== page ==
November 06, 2012The White House’s first work of art was acquired in 1800. It was a painting, and it depicted, perhaps not surprisingly, that most beloved forefather of forefathers, George Washington.
October 29, 2012One might be surprised to discover a giant black spider attacking a Gilded Age fine and decorative arts museum. But yes, at the corner of Erie and Wabash, a colossal arachnid is navigating the exterior of the historic Nickerson Mansion.
October 25, 2012Last week the Driehaus Museum welcomed Anna Tobin D’Ambrosio, director and chief curator at the Munson-Williams-Proctor Art Institute in Utica, New York, and the final lecturer of the 2012 Nickerson Lecture Series season.
October 22, 2012Next week 119 years ago, with a crisp chill entering the air, the closing ceremonies concluded, the crowds began piling into Pullman cars to head back to their own parts of America, and the World Columbian Exposition’s dismantling began.
October 15, 2012The woman The Wire called a “bassoon colossus” treated us and our visitors here on Saturday to live performances of a work inspired by the Driehaus Museum’s unique architecture and history.
October 10, 2012On the morning of October 10, 1871, the flames had finally stopped. What was left was, well, hardly anything. About a four-mile swath had been cleared in two days, everything was in ruins, and the conflagration would go down in history books as an infamous disaster for this new, bustling city: the Great Chicago Fire.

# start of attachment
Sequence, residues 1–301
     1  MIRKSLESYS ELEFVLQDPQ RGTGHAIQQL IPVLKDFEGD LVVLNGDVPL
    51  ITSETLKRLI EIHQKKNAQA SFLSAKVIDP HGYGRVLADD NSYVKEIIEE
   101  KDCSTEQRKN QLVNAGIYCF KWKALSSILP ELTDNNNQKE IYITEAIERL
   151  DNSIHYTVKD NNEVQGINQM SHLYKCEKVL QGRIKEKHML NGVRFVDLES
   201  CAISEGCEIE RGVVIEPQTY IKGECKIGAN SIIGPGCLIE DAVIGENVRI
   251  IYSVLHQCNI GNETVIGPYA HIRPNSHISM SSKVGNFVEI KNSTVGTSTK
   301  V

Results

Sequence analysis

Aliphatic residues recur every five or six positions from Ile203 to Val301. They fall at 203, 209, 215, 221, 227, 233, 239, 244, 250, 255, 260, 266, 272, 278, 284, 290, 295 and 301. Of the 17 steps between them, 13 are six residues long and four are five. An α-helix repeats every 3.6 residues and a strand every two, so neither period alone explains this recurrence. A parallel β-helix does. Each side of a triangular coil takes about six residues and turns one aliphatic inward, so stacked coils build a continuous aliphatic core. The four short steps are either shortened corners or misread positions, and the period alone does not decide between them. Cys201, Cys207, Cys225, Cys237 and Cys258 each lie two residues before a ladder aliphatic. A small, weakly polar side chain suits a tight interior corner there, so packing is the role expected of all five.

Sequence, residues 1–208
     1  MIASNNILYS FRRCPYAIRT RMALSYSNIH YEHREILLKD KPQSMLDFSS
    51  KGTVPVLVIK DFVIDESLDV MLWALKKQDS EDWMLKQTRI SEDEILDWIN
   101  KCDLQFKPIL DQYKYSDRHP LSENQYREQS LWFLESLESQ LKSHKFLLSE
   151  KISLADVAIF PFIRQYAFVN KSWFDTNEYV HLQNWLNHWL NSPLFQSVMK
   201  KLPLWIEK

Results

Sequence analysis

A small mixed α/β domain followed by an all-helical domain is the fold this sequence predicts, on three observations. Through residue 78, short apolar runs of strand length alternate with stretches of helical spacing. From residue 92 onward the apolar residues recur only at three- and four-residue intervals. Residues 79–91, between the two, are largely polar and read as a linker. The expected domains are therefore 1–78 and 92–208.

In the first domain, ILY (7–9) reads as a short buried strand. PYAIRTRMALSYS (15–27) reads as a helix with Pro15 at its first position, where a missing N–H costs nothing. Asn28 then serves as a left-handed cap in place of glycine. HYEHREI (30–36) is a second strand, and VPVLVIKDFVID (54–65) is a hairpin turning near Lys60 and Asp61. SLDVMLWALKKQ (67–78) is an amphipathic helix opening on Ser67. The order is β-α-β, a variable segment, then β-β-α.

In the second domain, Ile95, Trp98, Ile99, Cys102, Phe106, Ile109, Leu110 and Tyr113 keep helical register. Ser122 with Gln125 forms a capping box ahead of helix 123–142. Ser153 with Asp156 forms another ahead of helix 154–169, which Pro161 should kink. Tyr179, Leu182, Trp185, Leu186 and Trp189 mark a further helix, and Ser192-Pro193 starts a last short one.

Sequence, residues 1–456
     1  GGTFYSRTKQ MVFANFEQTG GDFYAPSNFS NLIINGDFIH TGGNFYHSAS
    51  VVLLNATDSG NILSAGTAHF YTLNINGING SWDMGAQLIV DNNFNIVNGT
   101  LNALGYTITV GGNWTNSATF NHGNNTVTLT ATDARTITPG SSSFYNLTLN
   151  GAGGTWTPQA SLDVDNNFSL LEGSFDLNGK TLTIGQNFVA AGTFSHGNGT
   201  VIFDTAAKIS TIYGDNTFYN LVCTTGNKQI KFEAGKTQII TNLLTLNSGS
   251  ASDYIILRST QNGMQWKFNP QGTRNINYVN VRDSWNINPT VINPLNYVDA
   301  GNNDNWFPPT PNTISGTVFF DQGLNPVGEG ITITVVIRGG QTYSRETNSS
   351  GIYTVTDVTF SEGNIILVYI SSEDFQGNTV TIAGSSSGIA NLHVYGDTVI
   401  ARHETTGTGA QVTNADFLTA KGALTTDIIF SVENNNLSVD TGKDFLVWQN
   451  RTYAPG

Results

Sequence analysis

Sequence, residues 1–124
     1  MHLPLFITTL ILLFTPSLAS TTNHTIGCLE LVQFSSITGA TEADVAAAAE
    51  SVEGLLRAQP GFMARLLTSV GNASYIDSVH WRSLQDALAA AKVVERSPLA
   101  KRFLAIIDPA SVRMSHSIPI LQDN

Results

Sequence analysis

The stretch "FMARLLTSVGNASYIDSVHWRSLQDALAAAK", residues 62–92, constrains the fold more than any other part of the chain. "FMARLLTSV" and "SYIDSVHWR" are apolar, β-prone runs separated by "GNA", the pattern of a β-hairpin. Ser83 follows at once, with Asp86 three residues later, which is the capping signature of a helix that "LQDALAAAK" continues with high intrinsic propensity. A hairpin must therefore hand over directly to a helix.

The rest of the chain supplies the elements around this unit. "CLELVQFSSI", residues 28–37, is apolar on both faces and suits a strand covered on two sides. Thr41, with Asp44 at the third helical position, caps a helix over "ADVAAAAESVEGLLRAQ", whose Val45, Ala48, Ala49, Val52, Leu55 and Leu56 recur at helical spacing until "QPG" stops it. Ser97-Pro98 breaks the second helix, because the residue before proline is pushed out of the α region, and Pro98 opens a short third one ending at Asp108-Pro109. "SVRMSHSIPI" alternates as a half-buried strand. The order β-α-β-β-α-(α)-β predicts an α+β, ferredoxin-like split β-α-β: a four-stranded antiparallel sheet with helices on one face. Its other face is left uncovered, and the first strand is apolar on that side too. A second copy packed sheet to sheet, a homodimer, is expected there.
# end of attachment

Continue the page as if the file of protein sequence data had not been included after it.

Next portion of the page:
October 04, 2012You Asked… Didn’t the Nickerson Mansion used to be black? And how did conservationists manage to clean the exterior?
September 24, 2012This year marks the 150th birthday of Edith Wharton, and Dr. Caroline Hellman—associate professor of English in New York—graciously accepted our invitation to speak about the writer and interior designer for our Samuel M. Nickerson Lecture Series.
September 18, 2012The Driehaus Museum has three sister institutions in Europe, each simply resplendent and embodying the highest ideals of preservation and classical architecture, just as we strive to do here in Chicago.